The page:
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Monday 8 February 2016

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Union opposition to council cuts grows - but Labour councils plan more job losses

In early January the UNITE union's National Industrial Sector Committee for Local Government workers agreed a significant resolution calling on Labour-controlled councils to no longer meekly pass on the Tories cuts to local government funding.

Instead, the motion argued, by using reserves and councils' borrowing powers, they should set legal no cuts budgets to buy time to build a mass campaign to force the Tories to retreat and properly fund local government.

Now the Local Government Service Group Executive (SGE) of UNISON, the union representing the majority of local government workers, has made a similar call (see below for the full text).

Growing union support for fighting strategy

Meanwhile the Glasgow local government branch of UNISON, the largest in Scotland, has produced a special edition of its branch newsletter to members making a detailed case for a no cuts budget (see http://www.tusc.org.uk/txt/361.pdf).

The growing trade union support for a fighting strategy that could roll back the attack on local councils completely vindicates the argument of the Trade Unionist and Socialist Coalition (TUSC) that councillors don't just have to implement the Tory cuts. Austerity is a political choice in the council chamber as much as it is in Westminster.

The arguments on what councils can do to resist the cuts are developed in a recent TUSC briefing pack, available to download at http://www.tusc.org.uk/txt/355.pdf

GMB reveals Labour councils' job losses plans

But while union opposition to council cuts is growing, Labour councils are unfortunately planning a new round of cuts to jobs, services and council workers' conditions in this year's budget-setting meetings.

In early February the GMB union, which also organises local government workers, reported on its survey of early budget decisions by 52 councils in England, Wales and Scotland. It identified a total of 25,165 job losses that are already in the pipeline (see http://www.gmb.org.uk/newsroom/council-job-losses). The final figure will be much higher as the information from the other 350 or so councils comes in.

But what is staggering from the information so far is that out of the 25,165 job losses, 22,128 are being made by Labour-controlled councils - 15,611 in the 29 councils listed where Labour has an overall majority of councillors and 6,517 in seven councils under 'no overall control' but where Labour as the biggest party has formed the administration.

TUSC appeal to Corbyn

The GMB also reports that it is prepared to ballot its 7,000 members at Labour-controlled Birmingham city council if the council imposes new terms and conditions as part of its cuts package (see http://www.gmb.org.uk/newsroom/birmingham-city-council-cuts).

What is becoming increasingly clear is that a big majority of Labour councillors are not prepared to put Jeremy Corbyn's anti-austerity message into action.

It is even more urgent then that Jeremy and his supporters respond to TUSC's appeal (see http://www.tusc.org.uk/17165/21-01-2016/dave-nellists-by-election-appeal-to-corbyn-lets-discuss-how-to-fight-the-cuts) - to discuss how to take the anti-cuts fight into May's local elections and give a political voice to the growing anger of council workers.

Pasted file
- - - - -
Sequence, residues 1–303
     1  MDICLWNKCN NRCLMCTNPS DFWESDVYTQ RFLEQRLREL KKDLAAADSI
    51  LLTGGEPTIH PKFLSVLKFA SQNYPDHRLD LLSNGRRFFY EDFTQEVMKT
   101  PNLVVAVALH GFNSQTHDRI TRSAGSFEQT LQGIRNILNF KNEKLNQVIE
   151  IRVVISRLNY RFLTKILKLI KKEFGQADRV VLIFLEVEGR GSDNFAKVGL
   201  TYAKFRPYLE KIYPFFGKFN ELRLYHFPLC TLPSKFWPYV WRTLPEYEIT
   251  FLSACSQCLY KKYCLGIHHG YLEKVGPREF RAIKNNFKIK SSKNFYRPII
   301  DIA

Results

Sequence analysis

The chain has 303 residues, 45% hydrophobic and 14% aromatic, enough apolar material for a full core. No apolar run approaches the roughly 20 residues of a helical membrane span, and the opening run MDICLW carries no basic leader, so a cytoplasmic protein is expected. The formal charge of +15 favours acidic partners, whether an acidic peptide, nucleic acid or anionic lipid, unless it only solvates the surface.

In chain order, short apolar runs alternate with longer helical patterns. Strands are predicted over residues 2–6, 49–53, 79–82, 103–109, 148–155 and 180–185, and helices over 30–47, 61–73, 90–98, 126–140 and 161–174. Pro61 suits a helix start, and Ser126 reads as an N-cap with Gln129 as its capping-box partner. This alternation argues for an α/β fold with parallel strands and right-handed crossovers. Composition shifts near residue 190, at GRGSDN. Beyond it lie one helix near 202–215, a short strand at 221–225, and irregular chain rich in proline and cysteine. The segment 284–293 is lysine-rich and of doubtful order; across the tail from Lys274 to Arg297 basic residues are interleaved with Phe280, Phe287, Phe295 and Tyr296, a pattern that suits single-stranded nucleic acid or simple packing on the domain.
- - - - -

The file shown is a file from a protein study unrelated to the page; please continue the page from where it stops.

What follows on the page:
The text of the motion passed at the UNISON Local Government Service Group Executive (SGE) on 4th February reads:

This SGE notes that:

* English councils control combined budgets of £114 billion.

* The combined budgets of the 58 Labour-led councils with elections in May comes to £32.7 billion.

* They hold around £4.5 billion in general fund reserves and another £1.36 billion in housing revenue account and capital receipt reserves.

* This does not include the vast reserves held by Labour-controlled councils in London.

* That there is no legal impediment stopping Labour councils pooling reserves.

* That local authorities have significant borrowing powers. This includes 'prudential' borrowing (unsupported borrowing) alongside capital borrowing. Local authorities have and continue to use these powers.

* That under the Localism Act, local authorities have a "power of competence" to do "anything apart from that which is prohibited".

* That even with the above procedural points, a campaign is needed to unite service users, communities and trade unions in a fight against the Tories to protect local government.

* That the factors above show that councillors do in fact have options.

This SGE therefore agrees:

1. To call on Labour, Plaid Cymru and Scottish National Party councils to set legal no cuts budgets, use reserves, capitalise eligible general fund expenditure and borrow prudentially to generate resources so that no council needs make cuts. These are short term measures to buy time to build a national campaign.

2. That the financial measures must be combined with a national campaign, linking councils, trade unions and communities in a fight against the Tories austerity programme.

3. To call on the union's political officers/department to prepare a strategy to take the points in this motion forward.